Cyclic Olefin Copolymer Enhances Polyolefin Blends for Film Packaging

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Cyclic olefin copolymer (COC ) is an amorphous thermoplastic that is finding increased utility as a blending agent in polyolefin packaging films for medical, consumer, and industrial markets.

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Cyclic olefin copolymer (COC ) is an amorphous thermoplastic that is finding increased utility as a blending agent in polyolefin packaging films for medical, consumer, and industrial markets. In neat form, COC offers high transparency, outstanding moisture barrier, high stiffness and strength, and excellent biocompatibility in such applications as medical devices, food and pharmaceutical packaging, optics, and electronics.

In polyolefin blends, COC provides higher modulus, greater heat resistance, and increased barrier for bags, pouches, and thermoformed articles such as trays. These blends are easily processed on conventional cast and blown film lines within standard polyolefin operating parameters.

Topas COC is based on the polymerization of ethylene and norbornene using metallocene catalysts. This material can have a glass-transition temperature (Tg) ranging from 33 C to 180 C, depending on comonomer ratio. As an amorphous polymer, COC does not have a crystalline melting point and instead starts to soften above the Tg, becoming increasingly fluid as temperatures are increased. This colorless, crystal-clear material offers strong compatibility with conventional polyethylenes. Its compatibility is greatest with highly linear PEs such as LLDPE but is acceptable for LDPE and HDPE. COC grades from Topas Advanced Polymers most commonly used for olefin blends are Topas 9903D-10 (Tg of 33 C), Topas 9506F-04 (Tg of 68 C), and Topas 8007F-04 (Tg of 78 C). Higher-Tg grades are sometimes used for special products or to enhance heat resistance of films.



COC is most commonly used as a blend component to enhance modulus and allow thickness reduction of monolayer films. With a modulus in the 300,000 psi range, as little as 10% of COC added to LLDPE will double or triple its modulus while maintaining low haze. In either a simple monolayer film or as part of a coextruded stucture, a LLDPE/COC blend often allows a thinner film to provide the same performance at a reduced cost per sq ft of film, thus offering important sustainability benefits.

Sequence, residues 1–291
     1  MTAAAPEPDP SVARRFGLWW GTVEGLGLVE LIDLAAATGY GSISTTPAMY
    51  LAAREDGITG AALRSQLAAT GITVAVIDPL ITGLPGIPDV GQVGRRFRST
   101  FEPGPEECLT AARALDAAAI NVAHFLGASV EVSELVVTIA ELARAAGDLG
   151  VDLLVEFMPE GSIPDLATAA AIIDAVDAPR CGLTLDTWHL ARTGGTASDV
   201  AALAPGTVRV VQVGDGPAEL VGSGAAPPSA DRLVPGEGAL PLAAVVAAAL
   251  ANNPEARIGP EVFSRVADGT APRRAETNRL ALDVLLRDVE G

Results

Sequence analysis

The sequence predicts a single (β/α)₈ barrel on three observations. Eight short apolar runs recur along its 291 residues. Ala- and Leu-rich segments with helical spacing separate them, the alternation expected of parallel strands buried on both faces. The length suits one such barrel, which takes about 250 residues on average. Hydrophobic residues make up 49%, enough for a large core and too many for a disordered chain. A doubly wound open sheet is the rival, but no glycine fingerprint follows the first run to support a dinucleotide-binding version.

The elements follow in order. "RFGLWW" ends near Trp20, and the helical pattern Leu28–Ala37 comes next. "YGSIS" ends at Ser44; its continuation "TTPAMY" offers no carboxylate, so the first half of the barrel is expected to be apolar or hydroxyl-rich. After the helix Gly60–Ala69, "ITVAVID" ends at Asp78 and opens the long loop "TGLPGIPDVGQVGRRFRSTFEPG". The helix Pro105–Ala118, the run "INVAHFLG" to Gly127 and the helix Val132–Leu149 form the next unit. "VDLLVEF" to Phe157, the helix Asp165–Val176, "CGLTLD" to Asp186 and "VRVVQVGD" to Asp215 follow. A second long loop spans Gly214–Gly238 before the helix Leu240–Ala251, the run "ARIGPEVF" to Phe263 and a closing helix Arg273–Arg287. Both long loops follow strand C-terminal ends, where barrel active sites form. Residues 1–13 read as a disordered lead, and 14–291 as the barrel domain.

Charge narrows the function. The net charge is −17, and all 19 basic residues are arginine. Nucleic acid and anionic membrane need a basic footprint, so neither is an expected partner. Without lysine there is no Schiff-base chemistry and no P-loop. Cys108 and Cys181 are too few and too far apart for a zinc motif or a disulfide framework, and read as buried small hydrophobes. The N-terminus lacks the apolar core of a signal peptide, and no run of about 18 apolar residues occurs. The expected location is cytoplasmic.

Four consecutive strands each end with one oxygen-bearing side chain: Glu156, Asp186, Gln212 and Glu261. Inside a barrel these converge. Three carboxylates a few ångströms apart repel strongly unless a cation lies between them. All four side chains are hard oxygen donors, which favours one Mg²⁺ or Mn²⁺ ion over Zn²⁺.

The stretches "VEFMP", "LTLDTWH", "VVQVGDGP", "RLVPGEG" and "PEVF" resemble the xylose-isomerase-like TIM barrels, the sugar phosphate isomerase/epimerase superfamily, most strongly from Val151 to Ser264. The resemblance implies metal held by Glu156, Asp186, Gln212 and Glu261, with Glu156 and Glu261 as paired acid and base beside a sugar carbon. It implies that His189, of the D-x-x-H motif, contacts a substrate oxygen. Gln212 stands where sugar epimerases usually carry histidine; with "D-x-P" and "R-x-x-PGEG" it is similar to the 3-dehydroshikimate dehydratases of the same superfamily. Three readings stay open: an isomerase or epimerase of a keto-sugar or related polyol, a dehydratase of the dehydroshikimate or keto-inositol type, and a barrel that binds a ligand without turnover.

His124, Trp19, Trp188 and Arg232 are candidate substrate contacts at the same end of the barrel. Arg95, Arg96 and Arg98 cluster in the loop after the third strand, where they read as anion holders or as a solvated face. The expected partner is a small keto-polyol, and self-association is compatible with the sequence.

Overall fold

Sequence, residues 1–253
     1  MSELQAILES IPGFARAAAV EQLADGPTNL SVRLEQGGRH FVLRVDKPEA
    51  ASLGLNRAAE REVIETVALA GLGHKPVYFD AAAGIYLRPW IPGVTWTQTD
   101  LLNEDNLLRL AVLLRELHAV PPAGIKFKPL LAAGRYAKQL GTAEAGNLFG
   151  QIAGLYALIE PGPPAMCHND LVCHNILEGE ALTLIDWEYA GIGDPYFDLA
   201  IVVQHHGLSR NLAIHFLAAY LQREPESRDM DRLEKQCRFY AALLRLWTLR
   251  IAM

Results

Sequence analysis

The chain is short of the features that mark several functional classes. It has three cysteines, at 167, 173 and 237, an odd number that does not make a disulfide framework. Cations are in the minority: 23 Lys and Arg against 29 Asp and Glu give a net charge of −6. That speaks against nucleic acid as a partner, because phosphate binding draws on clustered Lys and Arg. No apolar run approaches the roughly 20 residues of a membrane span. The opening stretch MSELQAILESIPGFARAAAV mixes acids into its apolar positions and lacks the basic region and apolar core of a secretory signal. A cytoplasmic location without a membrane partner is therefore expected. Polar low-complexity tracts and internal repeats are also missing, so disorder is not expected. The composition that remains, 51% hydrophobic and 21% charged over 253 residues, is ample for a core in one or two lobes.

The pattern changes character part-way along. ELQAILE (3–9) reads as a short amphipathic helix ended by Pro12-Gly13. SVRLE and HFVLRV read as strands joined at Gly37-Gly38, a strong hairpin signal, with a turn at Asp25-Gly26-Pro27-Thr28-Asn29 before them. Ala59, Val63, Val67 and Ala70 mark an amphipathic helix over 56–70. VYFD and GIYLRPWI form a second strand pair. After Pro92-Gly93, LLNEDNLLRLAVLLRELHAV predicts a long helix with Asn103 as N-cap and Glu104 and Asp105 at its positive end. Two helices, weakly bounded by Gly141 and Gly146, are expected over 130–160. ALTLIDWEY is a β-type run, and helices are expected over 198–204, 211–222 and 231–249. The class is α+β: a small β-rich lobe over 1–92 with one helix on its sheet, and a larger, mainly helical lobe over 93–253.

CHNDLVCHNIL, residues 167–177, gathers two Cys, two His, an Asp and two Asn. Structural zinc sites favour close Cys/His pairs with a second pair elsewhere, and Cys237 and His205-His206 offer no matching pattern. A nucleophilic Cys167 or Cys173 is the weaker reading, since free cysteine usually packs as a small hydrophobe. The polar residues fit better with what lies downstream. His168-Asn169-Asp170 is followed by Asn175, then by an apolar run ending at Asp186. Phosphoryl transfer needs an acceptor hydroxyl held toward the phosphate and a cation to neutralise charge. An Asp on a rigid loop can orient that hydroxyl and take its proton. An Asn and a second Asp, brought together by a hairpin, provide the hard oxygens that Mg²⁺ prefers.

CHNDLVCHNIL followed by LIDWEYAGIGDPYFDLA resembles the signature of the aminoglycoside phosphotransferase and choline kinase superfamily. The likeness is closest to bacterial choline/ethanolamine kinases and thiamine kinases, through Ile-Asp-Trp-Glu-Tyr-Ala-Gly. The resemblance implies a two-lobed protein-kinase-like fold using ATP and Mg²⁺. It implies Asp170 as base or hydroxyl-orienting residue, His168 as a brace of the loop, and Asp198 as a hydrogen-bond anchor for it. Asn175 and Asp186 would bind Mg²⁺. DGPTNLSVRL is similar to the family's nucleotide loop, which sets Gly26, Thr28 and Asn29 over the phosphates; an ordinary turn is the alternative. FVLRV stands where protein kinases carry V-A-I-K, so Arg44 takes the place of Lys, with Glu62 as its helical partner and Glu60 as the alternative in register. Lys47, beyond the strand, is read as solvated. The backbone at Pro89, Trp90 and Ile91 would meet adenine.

With higher-Tg grades of COC, these modulus improvements are maintained up to temperatures approaching the Tg of the COC, improving the film’s hot-fill performance and elevated-temperature capability. An important point to remember is that addition of COC to LLDPE significantly reduces Elmendorf tear strength, especially in the machine direction, even as it improves the puncture resistance of the film. COC is utilized commercially as a controlled, linear-tear additive. Additionally, many olefin/COC films are used commercially in thermoforming applications where COC’s amorphous nature improves the uniformity of the forming process, allowing improved thickness control in deep-draw sections and corners.

LLDPE/COC blends are also a good fit for sealant films. Heat-seal performance is typically specified by seal strength, hot-tack strength, and seal initiation temperature. The increase in modulus for COC blends typically translates into 10% to 20% higher seal strength. As it cools, COC rapidly transitions from a rubbery material above its Tg to a high-modulus material below its Tg. This sharp change typically improves hot-tack (seal strength after 0.1 sec of cooling) by as much as 100%. Hot-tack strength is important for vertical form/fill/seal processes where contents are dropped into a bag while the seal is still hot. Increased overall modulus imparted by COC also enhances the “stand-up” performance of stand-up pouches. This makes the pouches easier to fill and handle.